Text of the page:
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I’ve Played Super Smash Bros. for Nintendo 3DS and Wii U. Here are my thoughts

I was lucky enough to live twenty minutes from a Best Buy participating in this year’s Smash Fest event. Being the Smash Bros. fan that I am, I decided to go both days, and it was worth it, wait and all. It might seem crazy to wait for 2-plus hours outside of a Best Buy to play (at best) four minutes of Smash, and generally speaking I’d agree. It’s not normally something I’d do either. But few games get me as hyped as Smash Bros., and since it was so close to me, it seemed absurd not to go even if it meant a wait.
The first time, Wednesday evening, I got there an hour and a half before the event was set to start. A line had started, but it wasn’t too bad. I passed the time by chatting with people in line and StreetPassing them on my 3DS. In general, I was having enough fun that the wait didn’t bother me. Then we finally got in and waited for almost another hour before getting to play. As those of you who went to a Smash Fest know, a Best Buy employee also had the 3DS version on hand. When I got it, it was in the middle of Smash Run with Mega Man selected, so I took some time to get used to his moves. Finally, it was time for my group of four.
First match I played as Little Mac, and we selected Skyloft as the stage. Much has been made of Little Mac’s speed and power. It feels good, but yes, his air game is terrible. Not helping was the fact that I’d never used a Wii U Pro Controller before, so more than once I ended up self-destructing because I did something I didn’t intend to. Regrettably, I never got to pull off Mac’s one-hit K.O. Uppercut.


Second match I selected Mega Man, hoping that I’d be more prepared this time. I still wasn’t quite used to the Blue Bomber, but I didn’t do as poorly as the first match. Mega Man is a little tricky, trickier than you would think. For as much attention to detail has been paid to his NES days, there are some odd deviations. You can only have one Metal Blade out at a time, while Leaf Shield isn’t nearly as useful as you would think.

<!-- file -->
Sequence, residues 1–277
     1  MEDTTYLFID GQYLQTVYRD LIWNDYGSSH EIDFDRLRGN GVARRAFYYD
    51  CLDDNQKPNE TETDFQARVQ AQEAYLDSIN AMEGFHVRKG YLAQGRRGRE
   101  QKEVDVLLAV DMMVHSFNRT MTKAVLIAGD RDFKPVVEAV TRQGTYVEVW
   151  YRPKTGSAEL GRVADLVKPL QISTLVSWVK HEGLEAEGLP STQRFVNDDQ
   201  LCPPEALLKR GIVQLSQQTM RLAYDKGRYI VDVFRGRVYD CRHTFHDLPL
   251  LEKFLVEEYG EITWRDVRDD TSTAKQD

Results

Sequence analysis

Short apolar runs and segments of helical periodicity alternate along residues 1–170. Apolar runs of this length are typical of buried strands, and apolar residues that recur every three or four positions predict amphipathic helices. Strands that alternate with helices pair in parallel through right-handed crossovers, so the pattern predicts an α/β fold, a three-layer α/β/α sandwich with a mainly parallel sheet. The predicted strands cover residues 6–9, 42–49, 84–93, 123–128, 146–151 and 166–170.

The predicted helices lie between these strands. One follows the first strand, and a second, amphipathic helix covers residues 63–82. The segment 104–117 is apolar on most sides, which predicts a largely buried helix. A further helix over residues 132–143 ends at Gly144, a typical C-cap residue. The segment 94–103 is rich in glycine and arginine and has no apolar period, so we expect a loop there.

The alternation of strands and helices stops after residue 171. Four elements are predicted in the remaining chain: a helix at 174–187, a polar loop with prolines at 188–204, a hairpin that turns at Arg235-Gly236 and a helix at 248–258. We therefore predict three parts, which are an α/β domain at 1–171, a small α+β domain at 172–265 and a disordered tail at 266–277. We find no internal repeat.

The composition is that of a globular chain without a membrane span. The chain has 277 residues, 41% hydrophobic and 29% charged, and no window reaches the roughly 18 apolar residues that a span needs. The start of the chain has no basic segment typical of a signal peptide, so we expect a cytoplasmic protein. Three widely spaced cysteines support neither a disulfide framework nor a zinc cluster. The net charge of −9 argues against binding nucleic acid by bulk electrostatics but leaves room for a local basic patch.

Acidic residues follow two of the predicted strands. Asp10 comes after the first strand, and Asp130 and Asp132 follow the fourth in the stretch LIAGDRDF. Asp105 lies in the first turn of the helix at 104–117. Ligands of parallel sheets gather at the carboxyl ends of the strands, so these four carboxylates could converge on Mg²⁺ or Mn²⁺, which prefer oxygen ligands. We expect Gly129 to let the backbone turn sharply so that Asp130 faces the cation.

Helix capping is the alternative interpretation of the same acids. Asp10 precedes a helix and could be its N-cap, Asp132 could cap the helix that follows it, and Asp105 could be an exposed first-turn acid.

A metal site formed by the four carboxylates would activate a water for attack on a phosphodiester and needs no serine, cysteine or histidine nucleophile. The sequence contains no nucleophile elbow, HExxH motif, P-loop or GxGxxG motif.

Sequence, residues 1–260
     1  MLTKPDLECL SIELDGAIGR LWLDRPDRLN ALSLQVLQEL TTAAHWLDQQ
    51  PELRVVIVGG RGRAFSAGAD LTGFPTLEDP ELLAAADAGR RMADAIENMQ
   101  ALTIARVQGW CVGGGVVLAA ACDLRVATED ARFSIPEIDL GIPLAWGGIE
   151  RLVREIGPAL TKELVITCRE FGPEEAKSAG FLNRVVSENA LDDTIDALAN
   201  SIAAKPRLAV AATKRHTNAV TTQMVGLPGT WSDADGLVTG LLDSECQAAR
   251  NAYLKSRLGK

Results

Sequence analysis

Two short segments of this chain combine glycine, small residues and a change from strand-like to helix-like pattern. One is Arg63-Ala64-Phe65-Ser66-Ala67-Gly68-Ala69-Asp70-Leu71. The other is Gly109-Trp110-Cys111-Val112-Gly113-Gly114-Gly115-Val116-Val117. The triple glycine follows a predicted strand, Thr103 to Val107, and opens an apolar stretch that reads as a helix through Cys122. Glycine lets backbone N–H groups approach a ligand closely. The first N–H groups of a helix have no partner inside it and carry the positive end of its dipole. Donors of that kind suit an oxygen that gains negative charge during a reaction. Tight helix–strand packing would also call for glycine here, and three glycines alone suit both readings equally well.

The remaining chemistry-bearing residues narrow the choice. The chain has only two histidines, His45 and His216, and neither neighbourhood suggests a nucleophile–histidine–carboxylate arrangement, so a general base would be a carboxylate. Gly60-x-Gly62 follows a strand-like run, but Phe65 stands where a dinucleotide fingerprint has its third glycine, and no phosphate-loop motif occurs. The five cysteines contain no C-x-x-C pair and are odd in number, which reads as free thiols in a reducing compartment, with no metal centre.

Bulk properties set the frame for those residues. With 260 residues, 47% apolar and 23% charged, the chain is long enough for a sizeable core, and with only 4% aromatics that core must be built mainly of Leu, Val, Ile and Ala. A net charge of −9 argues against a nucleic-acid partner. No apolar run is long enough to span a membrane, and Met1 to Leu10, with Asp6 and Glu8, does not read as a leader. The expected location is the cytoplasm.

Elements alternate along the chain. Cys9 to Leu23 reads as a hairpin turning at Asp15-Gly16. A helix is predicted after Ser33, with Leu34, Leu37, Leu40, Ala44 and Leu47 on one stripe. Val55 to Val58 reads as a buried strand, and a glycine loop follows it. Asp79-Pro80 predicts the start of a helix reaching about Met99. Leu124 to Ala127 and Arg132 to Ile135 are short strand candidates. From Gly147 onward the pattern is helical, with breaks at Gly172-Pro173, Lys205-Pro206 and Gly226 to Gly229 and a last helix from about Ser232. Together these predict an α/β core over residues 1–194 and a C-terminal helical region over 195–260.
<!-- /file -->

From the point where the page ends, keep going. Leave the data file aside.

Both matches were played on the Skyloft stage. The first time it was intentional, the second time we were screwed over by the random option. It wasn’t that bad though, as the stage is pretty fun to play on. Definitely similar to Brawl’s Delfino Plaza, but I have to say I think Skyloft’s locales are more interesting than the ones from Super Mario Sunshine.


The second time I went, I got there even earlier (comparatively speaking), and found myself even closer to the front of the line. I still StreetPassed people, but I didn’t feel as social that day, so I spent the wait listening to music until a friend I had made the other night arrived. This time, the event was structured differently. They took us inside in groups of 20, and we were only allowed to play one match to help the line move faster. I was part of the first group of 20, and I got to play the 3DS version again. This time though, the employee managed to get it off Smash Run and into the multiplayer (or single vs. CPU in this case) mode. I selected Villager, and did pretty poorly, but I really loved playing as him. I’m willing to chalk up part of my performance on my unfamiliarity with the Prism Tower stage, and part of it on distractions, but most of it was just me not really caring how I did as much as I cared about getting a feel for the character. My expectation was that Villager would be an incredibly situational character, mainly based on his Pocket and Timber moves. And while those moves certainly are more handy in some situations than others, his normal attacks and Lloid Rocket make for a solid skill set.
For my third Wii U match, I went with Wii Fit Trainer, and we selected the Pilotwings stage. Wii Fit Trainer meshed best with my play style, evidenced by the fact that she secured me my one win in the entire experience. I found her smash attacks felt very natural, as did most of her specials, although I used Sun Salutation and Deep Breathing more than the Soccer Ball summoning move and her Hula Hoop recovery. I loved how most of her attacks hit both behind her and in front of her, and her third jab has the extremely useful property of putting its target in the ground, similar to a Pitfall or Donkey Kong’s Headbutt. That it’s such a natural move to perform in the course of the game is a pretty big indicator that she’s a force to be reckoned with.


As for the Pilotwings stage, I enjoyed it. I was a little surprised that the takeoff sequence from the 16-bit island seems to have been eliminated (at least from the demo version), but the stage itself is gorgeous, and very easy to play on. The transition between planes is seamless, and generally doesn’t distract from the gameplay.
My experience with the new items was limited. I’m not too sure about how the fairy bottle works, but I enjoyed using items like the Fire Bar and Super Leaf.

I know that some people have spoken negatively about this game, comparing it unfavorably to its predecessor: Super Smash Bros. Brawl. Now, I love Brawl, and I really don’t get the hate that it gets for not being Melee. But that opens up a whole other debate that I really don’t want to get into in this article. Maybe some other time. This new game sits in a happy medium. Yes, it’s closer to Brawl than it is to Melee, but it’s still faster and heavier than Brawl. More importantly, it’s still good old Smash Bros. Honestly, how can you not have fun with that?